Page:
Monday, July 20, 2009

Moon shot

I was alive but I was too young to remember the first moon landing. But as I was growing up, and definitely before I turned 10, there was a sense that more was to come. A moonbase in 1999 depicted on TV seemed plausible. Casual space travel by 2001 seemed almost under-stating what could be done. Even The Economist feared Europe dropping out of having a role contributing to advancement. Yet here we are. People went to the moon and then did not return for 34 odd years and counting. I do not recall that prediction being made even if there were constant voices against the expense of all of this space travel.

This hit home as I showed my 10 year old daughter this terrific website: It is tracking in 'real time' the whole moon expedition. At any point in time you can see what was going on exactly 40 years ago.

"What's this?"

"It is showing where the lunar lander is. You see, here it is in orbit around the moon. They are about to land."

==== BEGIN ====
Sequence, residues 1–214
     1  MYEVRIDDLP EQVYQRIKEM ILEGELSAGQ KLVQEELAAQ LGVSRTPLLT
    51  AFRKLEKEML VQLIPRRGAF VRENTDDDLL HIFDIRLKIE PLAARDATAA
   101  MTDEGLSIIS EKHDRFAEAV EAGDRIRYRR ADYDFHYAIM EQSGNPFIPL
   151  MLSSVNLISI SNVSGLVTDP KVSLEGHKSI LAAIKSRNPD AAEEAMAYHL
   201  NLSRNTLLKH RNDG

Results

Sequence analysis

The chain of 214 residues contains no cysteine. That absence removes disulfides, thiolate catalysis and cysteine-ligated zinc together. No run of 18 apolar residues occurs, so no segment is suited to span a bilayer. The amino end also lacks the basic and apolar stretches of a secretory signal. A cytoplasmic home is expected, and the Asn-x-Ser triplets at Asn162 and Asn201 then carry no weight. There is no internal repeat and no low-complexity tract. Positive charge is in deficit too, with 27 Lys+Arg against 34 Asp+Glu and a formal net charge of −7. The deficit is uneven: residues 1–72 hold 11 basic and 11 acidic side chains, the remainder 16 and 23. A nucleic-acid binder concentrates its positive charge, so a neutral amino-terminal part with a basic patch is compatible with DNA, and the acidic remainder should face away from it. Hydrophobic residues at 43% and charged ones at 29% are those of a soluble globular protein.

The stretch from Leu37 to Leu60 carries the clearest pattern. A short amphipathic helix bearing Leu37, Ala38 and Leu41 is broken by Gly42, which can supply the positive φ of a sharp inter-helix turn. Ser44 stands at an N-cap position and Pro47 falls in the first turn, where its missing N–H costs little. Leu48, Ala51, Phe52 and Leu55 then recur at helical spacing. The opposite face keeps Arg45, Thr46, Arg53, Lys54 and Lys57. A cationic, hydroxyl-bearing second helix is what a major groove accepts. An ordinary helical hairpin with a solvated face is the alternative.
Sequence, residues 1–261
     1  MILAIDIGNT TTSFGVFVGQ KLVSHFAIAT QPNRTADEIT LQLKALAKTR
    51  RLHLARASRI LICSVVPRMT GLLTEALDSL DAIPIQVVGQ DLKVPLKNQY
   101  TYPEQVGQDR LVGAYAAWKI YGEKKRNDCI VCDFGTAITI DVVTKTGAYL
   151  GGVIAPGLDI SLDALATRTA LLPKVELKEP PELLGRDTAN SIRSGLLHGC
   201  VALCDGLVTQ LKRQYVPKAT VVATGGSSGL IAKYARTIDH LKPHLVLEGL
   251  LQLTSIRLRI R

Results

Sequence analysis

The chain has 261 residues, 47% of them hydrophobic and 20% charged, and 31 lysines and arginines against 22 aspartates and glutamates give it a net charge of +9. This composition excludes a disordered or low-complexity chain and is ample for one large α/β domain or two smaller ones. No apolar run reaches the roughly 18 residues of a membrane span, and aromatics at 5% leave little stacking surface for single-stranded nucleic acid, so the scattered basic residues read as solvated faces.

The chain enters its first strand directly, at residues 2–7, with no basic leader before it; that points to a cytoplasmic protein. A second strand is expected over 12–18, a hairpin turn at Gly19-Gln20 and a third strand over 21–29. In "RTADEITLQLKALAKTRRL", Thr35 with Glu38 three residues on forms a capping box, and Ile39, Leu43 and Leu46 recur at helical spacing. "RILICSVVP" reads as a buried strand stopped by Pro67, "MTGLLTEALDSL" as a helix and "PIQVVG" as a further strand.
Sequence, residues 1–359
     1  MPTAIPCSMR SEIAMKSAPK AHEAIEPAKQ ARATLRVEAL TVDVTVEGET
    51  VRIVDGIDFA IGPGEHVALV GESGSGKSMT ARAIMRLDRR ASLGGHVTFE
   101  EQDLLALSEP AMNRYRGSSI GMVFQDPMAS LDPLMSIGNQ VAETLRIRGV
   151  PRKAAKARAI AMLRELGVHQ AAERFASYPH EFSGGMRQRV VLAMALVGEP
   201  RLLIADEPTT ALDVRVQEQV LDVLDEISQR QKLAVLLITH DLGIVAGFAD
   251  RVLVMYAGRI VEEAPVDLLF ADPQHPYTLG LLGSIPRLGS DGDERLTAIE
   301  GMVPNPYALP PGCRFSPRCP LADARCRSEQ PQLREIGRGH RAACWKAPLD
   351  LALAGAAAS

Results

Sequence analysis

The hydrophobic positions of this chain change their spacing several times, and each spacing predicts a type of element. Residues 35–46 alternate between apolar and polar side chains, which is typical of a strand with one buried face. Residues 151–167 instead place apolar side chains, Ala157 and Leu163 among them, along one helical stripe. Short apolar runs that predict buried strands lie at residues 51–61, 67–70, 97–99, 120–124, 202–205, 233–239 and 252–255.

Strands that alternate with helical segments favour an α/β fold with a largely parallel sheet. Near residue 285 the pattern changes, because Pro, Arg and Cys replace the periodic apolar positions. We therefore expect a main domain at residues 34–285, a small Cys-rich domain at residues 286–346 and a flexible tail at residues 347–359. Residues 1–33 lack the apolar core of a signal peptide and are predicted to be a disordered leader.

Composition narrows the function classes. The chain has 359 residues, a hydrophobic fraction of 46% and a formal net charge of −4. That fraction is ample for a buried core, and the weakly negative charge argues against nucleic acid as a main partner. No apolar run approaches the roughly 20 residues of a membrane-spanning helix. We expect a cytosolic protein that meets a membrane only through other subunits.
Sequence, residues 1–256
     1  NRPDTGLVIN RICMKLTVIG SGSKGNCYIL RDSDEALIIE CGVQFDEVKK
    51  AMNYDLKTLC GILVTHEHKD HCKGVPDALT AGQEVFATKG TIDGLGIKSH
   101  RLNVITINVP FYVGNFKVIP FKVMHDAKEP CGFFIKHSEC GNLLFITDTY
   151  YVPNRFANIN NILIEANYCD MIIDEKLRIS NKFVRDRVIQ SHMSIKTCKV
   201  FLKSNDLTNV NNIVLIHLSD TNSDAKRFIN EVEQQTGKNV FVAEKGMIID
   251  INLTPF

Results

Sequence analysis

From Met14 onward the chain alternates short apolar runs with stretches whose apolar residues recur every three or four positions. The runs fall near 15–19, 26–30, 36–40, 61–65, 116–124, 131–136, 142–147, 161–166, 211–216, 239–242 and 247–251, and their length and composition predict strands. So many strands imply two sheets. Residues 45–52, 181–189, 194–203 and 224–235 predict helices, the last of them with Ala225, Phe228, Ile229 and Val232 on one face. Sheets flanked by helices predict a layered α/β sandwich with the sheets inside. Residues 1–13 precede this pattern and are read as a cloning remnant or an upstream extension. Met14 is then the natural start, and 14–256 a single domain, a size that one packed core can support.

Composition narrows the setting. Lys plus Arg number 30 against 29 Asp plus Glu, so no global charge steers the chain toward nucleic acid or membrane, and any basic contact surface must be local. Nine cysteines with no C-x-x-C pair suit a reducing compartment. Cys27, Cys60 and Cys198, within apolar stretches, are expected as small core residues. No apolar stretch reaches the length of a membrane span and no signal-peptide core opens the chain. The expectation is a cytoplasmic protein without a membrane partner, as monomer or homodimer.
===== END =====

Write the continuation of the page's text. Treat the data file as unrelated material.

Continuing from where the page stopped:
"What? There are people up there now? Is that possible?"

"No, it is just showing what happened 40 years ago."

"Oh, yes. That's what I thought. We don't do this anymore."

And there you have it. It is hard to have these conversations and feel that somehow we have failed. The current generation believe what is true, that such space travel is as much as a dream as it was prior to the 1960s. I know that some will say that was all well and good given the cost. But the cost of the entire space program over that time, in today's dollars, was $176 billion. And yes, that, in retrospect was too costly. Not because of the resources it took but because the expense surely had value in knowledge created that would built up and lead to greater things. To not have reinvested on the back of that achievement was to erode the capital value of the initial expense. Almost impossible to conceive at the time, the moon landings were a short-term policy and not a serious commitment to the future. It will leave us and the next generation wondering what could have been.